25. 25. IAB UK, 2016 25 Data, Data, Data BuzzFeed BuzzFeed have developed an in-house system for content delivery and data capture that uses proprietary technology to help advertisers create articles that are designed to see success: once the ideas and concepts for content have been developed (in conjunction with the advertiser) algorithms set to work to optimise reach, engagement and social sharing. Continuous monitoring of content and feedback then allows for real-time modification and optimisation. The key to all this is careful analysis of data. Data analysis is needed not only to measure the effectiveness of a specific campaign and to optimise that campaign as it runs—it is essential for planning further campaigns and learning more about audiences. Faye Thomas, BuzzFeed’s Head of Marketing in Europe tells us, ‘The reason we care about data is that we hope to learn something from it. We use data to inform, not just to measure success.’ For BuzzFeed, it is important to tailor this analysis to each specific campaign. ‘Knowing what you’re trying to do or learn from the outset is the first step in figuring out what metrics to look at,’ says Faye, i.e. ‘identify your KPIs in advance.’ Specifically, ‘each advertiser has its particular goals (e.g. maybe one is more interested in scale while another is more interested in DR), and metrics should reflect that.’ Therefore, BuzzFeed don’t use the same metrics for success on all platforms, and not even for all types of a particular format: ‘For certain kinds of videos we look at views on YouTube, but shares on Facebook. We found that different metrics were clearer signals on these different platforms,’ says Faye. This is the kind of complexity that BuzzFeed tell us we should embrace, and indeed apply themselves. Faye says, ‘to measure the overall reach of the company, we look at a combination of metrics that are available across platforms.’ These metrics span measures of both traditional reach and engagement. Content views are counted as views/impressions of BuzzFeed content, but regardless of the platform on which it lives. However, since video views are measured differently by the various different platforms, BuzzFeed chooses to also look at time spent, which helps them understand more about what their audience is doing. ‘We can look at referral sources and platform locations to see which over-index and which ones under-index for time spent,’ says Faye. BuzzFeed also monitor their subscribers—‘people who have taken an action to show an interest in the BuzzFeed brand, such as people who use our mobile apps, sign up for newsletters, visit our homepage or follow our social feeds. This helps us understand different affinities and how they are growing.’ This way of measuring their reach provides a much deeper insight than simply measuring UVs. In the spirit of constant learning, BuzzFeed regularly undertakes a process they call ‘re-anchoring’—‘a process where we identify the ways we’ve historically done things and question their relevance.’ Through this process came ‘the realisation that UVs, as they are currently reported, are decreasingly important or relevant to BuzzFeed.’ In this vein, BuzzFeed are constantly dreaming up new ways to understand and learn from data – ‘what if we could calculate a cross-platform lift for each piece of content? What if we could predict the ROI of translating a piece of content into a particular language?’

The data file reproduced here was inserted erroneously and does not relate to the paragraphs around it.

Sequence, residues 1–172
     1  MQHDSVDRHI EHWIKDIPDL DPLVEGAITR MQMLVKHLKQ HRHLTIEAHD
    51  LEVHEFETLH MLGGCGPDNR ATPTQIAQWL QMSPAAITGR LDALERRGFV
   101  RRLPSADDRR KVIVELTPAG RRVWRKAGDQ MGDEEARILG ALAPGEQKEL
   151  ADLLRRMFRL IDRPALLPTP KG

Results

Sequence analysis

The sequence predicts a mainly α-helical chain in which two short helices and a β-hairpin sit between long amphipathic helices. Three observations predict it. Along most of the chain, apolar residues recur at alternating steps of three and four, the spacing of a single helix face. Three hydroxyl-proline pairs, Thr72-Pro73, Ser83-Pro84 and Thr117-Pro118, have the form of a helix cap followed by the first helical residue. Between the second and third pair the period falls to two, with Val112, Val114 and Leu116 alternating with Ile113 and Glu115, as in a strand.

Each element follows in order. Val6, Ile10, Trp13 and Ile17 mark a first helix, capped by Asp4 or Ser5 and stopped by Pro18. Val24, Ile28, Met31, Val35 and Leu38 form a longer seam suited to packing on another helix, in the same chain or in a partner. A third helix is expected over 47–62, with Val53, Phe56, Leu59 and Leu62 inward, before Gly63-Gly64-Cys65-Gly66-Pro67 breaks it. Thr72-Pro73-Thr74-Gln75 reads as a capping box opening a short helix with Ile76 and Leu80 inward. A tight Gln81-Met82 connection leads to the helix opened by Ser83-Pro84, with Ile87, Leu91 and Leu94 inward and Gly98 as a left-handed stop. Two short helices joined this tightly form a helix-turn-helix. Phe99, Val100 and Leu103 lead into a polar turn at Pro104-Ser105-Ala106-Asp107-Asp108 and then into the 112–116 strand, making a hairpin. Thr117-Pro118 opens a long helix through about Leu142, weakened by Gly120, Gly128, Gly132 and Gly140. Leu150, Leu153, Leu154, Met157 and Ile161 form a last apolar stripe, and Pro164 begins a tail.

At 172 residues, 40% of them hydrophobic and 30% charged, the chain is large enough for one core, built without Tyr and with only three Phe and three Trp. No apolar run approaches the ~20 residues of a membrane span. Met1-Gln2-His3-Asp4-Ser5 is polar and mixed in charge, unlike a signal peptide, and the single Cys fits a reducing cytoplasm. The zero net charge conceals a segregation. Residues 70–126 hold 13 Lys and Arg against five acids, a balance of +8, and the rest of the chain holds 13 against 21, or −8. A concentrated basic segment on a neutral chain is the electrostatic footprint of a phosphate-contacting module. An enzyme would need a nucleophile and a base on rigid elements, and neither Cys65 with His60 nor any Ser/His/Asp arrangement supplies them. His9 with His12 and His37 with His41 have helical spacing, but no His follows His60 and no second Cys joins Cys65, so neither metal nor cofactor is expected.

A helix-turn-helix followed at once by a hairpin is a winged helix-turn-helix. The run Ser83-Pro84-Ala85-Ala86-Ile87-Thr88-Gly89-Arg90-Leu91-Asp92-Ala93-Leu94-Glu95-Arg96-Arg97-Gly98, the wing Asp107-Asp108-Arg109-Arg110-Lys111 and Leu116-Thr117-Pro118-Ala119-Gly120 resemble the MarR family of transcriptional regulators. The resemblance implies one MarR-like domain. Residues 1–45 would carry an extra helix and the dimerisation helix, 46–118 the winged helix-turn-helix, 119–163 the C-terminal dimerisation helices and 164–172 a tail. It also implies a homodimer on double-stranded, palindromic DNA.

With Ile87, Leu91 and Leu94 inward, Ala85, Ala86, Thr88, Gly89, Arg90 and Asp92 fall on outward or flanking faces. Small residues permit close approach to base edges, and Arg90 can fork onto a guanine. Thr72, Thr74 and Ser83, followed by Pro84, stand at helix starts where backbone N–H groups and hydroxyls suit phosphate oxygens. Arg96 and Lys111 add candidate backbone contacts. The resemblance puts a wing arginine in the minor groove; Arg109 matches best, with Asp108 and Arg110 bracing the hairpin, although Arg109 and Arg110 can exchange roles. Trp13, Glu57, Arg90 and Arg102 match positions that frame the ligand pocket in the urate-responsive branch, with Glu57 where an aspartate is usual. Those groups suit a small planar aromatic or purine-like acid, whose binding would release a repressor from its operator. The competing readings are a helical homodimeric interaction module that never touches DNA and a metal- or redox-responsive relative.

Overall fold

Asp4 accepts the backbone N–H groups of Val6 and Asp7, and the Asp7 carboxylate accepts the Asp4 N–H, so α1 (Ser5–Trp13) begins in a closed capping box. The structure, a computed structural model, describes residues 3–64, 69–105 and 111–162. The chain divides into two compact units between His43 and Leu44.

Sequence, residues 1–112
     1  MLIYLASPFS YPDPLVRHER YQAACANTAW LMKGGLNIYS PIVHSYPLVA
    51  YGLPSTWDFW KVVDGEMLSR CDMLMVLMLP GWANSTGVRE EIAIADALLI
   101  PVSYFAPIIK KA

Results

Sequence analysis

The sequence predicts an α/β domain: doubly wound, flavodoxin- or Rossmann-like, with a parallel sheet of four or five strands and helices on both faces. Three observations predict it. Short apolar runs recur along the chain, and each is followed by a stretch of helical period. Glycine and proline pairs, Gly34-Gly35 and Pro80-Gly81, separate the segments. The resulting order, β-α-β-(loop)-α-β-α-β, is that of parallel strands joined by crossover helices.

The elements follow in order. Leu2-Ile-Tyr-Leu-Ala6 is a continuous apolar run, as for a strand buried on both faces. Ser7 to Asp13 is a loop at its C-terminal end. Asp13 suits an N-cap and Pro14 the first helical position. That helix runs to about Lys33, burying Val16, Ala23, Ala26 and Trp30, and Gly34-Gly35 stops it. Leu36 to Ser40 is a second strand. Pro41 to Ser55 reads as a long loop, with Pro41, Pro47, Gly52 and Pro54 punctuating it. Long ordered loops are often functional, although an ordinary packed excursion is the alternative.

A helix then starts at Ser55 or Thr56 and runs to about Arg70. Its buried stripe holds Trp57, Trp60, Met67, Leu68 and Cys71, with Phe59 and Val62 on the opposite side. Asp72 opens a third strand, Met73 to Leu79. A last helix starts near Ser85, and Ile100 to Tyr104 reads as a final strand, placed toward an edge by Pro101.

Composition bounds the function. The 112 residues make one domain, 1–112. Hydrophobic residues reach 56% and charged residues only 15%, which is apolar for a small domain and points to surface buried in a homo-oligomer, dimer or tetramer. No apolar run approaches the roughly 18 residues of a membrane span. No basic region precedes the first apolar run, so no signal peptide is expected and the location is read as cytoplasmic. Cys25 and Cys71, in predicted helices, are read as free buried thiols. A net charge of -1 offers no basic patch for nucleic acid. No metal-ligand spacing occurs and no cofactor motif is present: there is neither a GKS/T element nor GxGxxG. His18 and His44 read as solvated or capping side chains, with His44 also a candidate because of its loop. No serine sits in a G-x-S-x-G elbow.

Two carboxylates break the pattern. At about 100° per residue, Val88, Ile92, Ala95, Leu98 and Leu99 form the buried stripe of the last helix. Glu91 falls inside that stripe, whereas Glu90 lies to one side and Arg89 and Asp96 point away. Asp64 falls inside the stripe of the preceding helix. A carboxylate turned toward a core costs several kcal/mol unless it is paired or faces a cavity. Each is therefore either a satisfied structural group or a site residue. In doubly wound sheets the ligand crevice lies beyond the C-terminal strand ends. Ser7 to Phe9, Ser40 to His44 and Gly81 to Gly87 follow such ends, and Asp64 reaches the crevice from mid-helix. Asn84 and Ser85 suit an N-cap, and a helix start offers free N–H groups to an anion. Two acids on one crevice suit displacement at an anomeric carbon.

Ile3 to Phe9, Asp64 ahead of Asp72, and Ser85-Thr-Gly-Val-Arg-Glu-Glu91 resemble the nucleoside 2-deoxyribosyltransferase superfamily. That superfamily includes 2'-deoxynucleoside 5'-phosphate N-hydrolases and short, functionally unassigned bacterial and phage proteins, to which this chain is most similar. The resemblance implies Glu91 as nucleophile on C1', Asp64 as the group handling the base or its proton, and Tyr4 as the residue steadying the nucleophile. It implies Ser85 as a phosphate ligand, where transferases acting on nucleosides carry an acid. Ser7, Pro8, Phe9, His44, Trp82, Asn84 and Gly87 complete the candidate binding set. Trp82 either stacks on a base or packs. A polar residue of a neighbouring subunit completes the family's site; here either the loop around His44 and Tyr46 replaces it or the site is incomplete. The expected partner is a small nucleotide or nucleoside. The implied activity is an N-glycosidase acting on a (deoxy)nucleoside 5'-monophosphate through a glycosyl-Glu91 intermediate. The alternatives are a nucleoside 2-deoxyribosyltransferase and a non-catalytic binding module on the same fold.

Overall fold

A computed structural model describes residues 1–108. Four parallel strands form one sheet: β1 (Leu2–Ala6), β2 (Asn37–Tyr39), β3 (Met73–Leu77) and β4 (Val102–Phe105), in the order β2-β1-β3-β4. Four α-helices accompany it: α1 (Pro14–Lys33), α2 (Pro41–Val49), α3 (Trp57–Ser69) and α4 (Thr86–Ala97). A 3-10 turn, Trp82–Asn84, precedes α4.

26. 26. IAB UK Measurement Green Paper 26 Ian Gibbs, The Guardian At the Guardian, discussions about the measurement of content-led advertising are being wrapped up into a wider conversation about how we better harness our first-party data for advertisers. We are aiming to create an Audience Platform that draws on the vast amount of data that we have on the quality content consumption habits of digital news consumers around the globe, and feed it into tangible insights for campaign planning, delivery and evaluation. The first part of this solution—Audience Explorer—is up and running, offering advertisers insights into what types of content their target audiences are responding to and when, but ultimately we plan to use this insight to deliver newly augmented advertiser audiences and warm leads and link this to tangible outcomes against campaign goals. The outcomes measured could be as simple as reporting on campaign reach and frequency, or more complex in terms of visits to transactional pages online and to physical stores using location-based data. It’s an open-ended conversation at the moment, but with the right data management platforms and a bit of ‘publisher and advertiser willing’, the possibilities are abundant. Jennifer Brett, LinkedIn At AdWeek Europe in 2014, LinkedIn launched the Content Marketing Score. This score enables brands to measure their content’s influence on LinkedIn’s platform and benchmark it against their peer set. The score combines paid and organic activity from a range of sources across the platform, ensuring a holistic view. The CMS focuses on the three areas that content marketers need to consider: 1. Reach: Who are you reaching, are they the ‘right’ audience? How does your reach compare to your peers? 2. Frequency: How frequently does your branded content appear in front of your target audience, and how does this compare to your peers’ activity? 3. Engagement: What is your target audience’s level of engagement with your content, and how does this compare to your peers? The fundamental point is that one of these is not enough. Rather, content marketers need to consider the full journey of their content from who they reach, to how often (i.e. conversation vs. one-offs), and how engaging their content is.